I firmly believe that a great piece of art can come from any source, any inspiration. But where exactly that inspiration comes from, and the reason for its selection, is up for quite a bit more skepticism in my eyes. Enter “Battleship”, a $209 million film whose primary inspiration is a plastic game in which little pegs and ships are the sources of excitement and tension. It certainly goes without saying that “Battleship” was created out of executive laziness and creative bankruptcy, alongside numerous other greenlit Hasbro projects (I believe at one point, a “Candyland” film was a reality). But the fact remains that, while it’s certainly a cynical, contrived exercise of financial gambling, “Battleship” is a competently made film.
While certainly assembled from a checklist reading “beginning, middle, end, action, boobs, humor, etc.”, a coherent narrative has been assembled. The Hopper brothers are both naval officers with distinct styles: Alex a brilliant slacker and Stone a straight-laced, disciplinary figure. As all the world’s major naval powers are assembled for a series of exercises, several hulking metal objects come crashing down to the Pacific ocean — revealed to be highly sophisticated alien ships, with damn-near the only thing equipped to handle it being the ships at sea. Alex juggles this with his desire to marry the gorgeous Samantha, whose father is also the Commander of the entire Pacific fleet. Melodrama and explosive rounds abound.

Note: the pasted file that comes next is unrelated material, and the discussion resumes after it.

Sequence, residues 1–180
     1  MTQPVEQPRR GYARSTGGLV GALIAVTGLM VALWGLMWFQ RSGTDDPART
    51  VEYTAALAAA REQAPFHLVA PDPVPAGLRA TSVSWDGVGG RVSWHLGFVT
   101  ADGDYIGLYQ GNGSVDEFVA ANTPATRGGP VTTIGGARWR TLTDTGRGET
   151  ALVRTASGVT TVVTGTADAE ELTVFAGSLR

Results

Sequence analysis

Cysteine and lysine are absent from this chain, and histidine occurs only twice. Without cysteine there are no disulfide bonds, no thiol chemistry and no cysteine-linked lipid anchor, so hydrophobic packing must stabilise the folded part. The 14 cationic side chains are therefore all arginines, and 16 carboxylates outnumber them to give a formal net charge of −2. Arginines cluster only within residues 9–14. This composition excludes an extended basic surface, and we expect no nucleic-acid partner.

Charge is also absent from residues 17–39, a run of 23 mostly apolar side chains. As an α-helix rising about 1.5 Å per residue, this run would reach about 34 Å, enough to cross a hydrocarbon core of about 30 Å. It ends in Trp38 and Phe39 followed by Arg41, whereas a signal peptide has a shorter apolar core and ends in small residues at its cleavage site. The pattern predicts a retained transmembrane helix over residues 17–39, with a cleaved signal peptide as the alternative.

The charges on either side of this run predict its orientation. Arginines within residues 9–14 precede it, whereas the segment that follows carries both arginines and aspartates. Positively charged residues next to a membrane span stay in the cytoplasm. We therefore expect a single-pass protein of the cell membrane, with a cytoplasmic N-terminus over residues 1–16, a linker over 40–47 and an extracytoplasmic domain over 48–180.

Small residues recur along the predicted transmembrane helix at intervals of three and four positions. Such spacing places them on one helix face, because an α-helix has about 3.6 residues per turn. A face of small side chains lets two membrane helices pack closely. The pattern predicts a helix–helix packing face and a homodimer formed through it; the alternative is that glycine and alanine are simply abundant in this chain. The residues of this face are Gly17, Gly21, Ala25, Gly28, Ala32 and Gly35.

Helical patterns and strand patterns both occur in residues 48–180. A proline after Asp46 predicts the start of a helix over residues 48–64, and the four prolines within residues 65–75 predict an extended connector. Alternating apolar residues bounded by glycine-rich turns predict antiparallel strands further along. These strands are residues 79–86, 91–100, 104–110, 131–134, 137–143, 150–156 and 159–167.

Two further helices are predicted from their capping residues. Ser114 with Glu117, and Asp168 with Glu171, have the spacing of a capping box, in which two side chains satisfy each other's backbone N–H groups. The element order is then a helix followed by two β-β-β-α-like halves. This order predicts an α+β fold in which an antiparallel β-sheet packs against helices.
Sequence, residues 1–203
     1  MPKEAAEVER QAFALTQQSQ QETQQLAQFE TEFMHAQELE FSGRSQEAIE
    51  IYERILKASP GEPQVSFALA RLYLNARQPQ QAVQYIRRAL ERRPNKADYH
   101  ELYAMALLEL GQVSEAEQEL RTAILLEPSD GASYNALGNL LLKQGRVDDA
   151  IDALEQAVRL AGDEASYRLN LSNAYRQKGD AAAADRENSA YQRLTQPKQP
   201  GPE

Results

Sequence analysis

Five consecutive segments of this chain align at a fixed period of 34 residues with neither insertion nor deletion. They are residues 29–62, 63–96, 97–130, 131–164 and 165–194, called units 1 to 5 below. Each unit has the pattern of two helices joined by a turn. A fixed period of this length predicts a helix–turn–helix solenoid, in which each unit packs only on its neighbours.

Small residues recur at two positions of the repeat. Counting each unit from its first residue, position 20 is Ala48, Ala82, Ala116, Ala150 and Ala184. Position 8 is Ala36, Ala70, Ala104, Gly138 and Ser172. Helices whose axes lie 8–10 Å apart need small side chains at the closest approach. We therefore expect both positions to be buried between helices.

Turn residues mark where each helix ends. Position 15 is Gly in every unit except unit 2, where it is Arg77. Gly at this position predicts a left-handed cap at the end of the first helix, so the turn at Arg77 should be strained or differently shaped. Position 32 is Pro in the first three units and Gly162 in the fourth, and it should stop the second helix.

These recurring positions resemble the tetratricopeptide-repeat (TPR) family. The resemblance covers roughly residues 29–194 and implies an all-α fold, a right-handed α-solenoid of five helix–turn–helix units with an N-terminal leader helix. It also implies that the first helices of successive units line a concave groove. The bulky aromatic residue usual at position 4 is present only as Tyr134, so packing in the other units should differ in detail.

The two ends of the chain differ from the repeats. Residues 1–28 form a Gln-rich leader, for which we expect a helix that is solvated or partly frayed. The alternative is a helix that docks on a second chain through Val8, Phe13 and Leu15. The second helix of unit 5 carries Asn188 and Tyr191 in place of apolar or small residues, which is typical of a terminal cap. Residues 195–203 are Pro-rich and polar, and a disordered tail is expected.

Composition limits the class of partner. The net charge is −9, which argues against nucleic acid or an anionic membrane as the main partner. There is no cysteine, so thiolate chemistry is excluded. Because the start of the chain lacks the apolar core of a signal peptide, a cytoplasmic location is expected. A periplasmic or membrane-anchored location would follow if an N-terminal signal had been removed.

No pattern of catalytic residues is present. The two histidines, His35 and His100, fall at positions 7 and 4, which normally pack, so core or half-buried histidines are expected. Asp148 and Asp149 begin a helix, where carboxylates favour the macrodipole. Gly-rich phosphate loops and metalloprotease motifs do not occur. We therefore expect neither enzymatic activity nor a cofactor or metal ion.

It should come as no surprise that “Battleship” is a hollow shell of a narrative with muscle where brain should be, noise where heart should be. Its attempts at counter-balancing this (with its comedic/romantic subplots) are as ineffective as they are harmless. But it finds pathos in the dynamic between the two brother protagonists: actors Taylor Kitsch & Alexander Skarsgard find a relationship with genuine heart — humor at some points, and when tragedy strikes one, even a degree of sadness.
Further acting efforts come with mixed results. Liam Neeson, who seems to be making a habit of elevating mediocre blockbusters’ credibility, has an enjoyable cameo as the Hoppers’ military superior. Conversely, Rihanna gives a performance whose every quip gets progressively more laughable. Brooklyn Decker, too, is a prime example of model-turned-actresses who should have stuck with their first profession.
“Battleship”s greatest evidence of unoriginality lies with its action sequences — in essence, the only reason the damn thing exists in the first place. Where many films have momentum and pacing in their sequences, “Battleship” has noise, clanging and fury. Director Peter Berg certainly demonstrates visual clarity and skill, it’s just that what he’s filming has very little of interest.
The inherit purpose of writing a review is to explore things about a film that aren’t necessarily self-evident, which presents a problem for “Battleship”: it’s all at face value. There’s nothing one can say about “Battleship” that it will not proudly, loudly demonstrate for itself. There’s certainly admirable qualities in that, but also the sort of shamelessness that begetted the project in the first place. D+